– A very upset and angry customer
– A customer that has a number of questions or a question that requires a lengthy answer/ lots of back and forth
– Personal details need to be shared
Should you cease engagement?
This can can be a tricky decision. Sometimes customers may not be satisfied with the resolution provided to them after a complaint. In this case, after being taken off of social media, they come back online to continue to voice their upset. At this stage, if the management’s position is firm with a resolution, responding back and forth to the customer further online could only add fuel to the fire and upset them more. At such times, reiterating the resolution and apologising a final time will help finalise the situation, and if they continue on from there, it is best to cease engagement and monitor the situation if necessary.
If a customer simply has lots of questions, it may be helpful to direct them towards your FAQ or Help section, rather than sending them answer after answer. However, you should always follow up that you’re happy to help if they still require assistance after visiting this section of your website.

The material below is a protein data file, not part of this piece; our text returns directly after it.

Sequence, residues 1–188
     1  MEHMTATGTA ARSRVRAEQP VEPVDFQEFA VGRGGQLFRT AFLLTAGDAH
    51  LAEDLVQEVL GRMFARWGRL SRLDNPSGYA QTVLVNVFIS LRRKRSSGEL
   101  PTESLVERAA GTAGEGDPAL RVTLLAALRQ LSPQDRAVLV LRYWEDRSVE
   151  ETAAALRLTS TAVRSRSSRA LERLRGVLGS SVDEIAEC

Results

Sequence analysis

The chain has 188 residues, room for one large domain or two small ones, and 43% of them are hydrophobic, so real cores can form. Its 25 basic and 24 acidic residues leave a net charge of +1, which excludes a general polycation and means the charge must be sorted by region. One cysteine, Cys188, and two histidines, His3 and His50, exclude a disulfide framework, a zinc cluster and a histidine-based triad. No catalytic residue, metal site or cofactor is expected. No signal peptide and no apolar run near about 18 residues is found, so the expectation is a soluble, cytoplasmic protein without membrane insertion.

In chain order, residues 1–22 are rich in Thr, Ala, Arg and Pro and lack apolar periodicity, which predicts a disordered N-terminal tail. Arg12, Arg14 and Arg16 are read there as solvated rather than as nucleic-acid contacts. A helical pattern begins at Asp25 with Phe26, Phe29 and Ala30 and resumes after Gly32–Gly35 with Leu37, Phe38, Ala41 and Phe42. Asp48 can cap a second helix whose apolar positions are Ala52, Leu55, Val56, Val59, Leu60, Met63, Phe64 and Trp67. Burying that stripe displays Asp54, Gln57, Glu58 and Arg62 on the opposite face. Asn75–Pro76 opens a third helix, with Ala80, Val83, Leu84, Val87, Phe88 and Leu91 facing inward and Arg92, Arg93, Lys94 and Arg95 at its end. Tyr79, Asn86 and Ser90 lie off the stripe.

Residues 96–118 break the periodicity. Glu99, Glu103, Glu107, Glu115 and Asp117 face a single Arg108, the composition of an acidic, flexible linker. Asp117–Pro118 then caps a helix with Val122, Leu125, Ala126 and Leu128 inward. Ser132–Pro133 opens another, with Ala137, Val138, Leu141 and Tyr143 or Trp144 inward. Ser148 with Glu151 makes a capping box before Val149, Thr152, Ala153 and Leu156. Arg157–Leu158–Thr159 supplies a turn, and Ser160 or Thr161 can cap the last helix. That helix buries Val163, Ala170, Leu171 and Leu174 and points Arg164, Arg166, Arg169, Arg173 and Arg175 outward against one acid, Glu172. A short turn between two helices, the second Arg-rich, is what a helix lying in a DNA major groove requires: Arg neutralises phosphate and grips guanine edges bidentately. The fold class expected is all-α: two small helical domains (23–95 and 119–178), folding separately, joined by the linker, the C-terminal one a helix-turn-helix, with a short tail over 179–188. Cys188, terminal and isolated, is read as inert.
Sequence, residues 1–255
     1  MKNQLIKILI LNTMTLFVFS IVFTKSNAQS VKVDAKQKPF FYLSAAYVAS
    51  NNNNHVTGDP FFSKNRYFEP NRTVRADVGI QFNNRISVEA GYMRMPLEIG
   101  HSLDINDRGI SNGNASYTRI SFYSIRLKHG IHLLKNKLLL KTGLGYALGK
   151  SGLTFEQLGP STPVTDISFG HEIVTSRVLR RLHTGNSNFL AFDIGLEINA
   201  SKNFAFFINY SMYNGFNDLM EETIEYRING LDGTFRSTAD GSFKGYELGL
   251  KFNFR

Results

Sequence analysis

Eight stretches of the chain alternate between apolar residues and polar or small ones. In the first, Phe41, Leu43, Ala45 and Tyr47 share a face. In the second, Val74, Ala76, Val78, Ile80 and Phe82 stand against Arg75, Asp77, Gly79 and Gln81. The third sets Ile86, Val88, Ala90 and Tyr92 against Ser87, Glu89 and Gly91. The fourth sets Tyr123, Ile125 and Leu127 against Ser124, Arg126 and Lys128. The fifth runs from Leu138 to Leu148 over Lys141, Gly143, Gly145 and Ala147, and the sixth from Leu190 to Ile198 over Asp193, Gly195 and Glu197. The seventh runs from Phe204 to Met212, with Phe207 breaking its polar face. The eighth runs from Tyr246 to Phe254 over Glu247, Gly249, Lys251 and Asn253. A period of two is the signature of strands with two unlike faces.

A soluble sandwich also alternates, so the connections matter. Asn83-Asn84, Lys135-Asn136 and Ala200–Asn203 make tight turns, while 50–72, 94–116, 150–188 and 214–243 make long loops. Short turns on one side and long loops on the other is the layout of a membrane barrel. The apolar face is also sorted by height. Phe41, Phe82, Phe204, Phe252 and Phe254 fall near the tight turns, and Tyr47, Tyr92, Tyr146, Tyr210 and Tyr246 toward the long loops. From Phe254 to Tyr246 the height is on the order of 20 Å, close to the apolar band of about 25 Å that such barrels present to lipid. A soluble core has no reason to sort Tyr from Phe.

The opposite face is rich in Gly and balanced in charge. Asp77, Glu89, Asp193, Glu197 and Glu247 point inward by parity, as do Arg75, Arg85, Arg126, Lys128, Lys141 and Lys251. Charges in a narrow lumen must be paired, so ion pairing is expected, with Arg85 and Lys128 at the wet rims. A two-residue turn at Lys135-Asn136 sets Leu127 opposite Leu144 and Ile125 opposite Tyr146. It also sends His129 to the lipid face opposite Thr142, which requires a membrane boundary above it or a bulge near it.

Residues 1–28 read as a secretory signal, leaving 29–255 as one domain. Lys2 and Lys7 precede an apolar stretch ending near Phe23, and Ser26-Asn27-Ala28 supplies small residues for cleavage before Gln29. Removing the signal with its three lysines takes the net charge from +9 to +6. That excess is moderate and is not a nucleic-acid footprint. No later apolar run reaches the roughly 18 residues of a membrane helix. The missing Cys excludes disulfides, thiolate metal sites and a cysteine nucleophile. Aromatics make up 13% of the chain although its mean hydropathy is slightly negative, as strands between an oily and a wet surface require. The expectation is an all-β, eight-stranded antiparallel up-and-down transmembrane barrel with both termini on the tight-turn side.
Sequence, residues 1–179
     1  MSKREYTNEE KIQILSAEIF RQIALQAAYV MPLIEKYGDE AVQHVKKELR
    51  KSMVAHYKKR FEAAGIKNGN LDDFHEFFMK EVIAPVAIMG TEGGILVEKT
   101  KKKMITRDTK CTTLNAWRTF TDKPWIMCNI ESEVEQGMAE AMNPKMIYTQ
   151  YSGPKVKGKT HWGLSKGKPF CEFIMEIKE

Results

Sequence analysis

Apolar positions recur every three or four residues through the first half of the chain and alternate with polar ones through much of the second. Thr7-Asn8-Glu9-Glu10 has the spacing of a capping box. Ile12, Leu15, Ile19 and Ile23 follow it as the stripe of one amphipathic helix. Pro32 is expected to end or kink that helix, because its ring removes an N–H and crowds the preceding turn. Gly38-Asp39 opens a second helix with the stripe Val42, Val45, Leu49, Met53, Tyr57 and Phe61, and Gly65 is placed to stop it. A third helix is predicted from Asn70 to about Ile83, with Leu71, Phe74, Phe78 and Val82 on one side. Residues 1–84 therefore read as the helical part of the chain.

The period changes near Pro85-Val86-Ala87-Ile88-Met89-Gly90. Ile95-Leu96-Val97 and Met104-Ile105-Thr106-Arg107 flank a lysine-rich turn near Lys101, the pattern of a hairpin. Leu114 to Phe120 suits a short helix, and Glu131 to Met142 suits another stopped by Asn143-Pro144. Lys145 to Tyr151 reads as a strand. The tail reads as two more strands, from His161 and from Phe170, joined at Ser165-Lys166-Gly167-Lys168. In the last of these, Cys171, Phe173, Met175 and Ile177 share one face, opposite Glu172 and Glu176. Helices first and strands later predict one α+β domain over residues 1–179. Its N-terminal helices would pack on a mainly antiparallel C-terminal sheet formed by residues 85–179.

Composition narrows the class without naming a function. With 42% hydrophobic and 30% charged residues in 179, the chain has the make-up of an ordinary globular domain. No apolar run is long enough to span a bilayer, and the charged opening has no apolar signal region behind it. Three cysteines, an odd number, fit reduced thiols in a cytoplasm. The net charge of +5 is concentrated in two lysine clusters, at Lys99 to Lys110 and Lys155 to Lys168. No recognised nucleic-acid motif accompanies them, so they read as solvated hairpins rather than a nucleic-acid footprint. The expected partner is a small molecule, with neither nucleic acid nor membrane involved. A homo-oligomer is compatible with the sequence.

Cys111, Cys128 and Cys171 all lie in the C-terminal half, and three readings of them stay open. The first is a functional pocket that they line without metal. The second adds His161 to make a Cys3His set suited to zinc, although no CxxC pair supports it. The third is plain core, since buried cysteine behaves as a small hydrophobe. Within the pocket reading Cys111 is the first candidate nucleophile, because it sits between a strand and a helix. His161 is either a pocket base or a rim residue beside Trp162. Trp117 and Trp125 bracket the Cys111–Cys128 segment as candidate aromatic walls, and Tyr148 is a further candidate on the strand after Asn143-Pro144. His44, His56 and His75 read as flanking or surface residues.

Benefits of 5 Star Social Media Customer Service
Giving 5 star customer service on social media not only allows you to effortlessly resolve your customers’ enquiries, but it places your business in a positive light. By answering you customers’ enquiries and complaints well and publicly, it shows others that your business takes these issues seriously and cares about making things right. Your business will develop a personality, and people will appreciate your responsiveness over those who simply do not bother.
Jade Dawson is a Social Media and SEO Executive at MRS Digital.
After completing her education at Brighton University, she honed her SEO skills in a number of distinguished agencies. Today, working with the SEO team, Jade helps businesses further their digital marketing goals. She loves keywords and riding horses.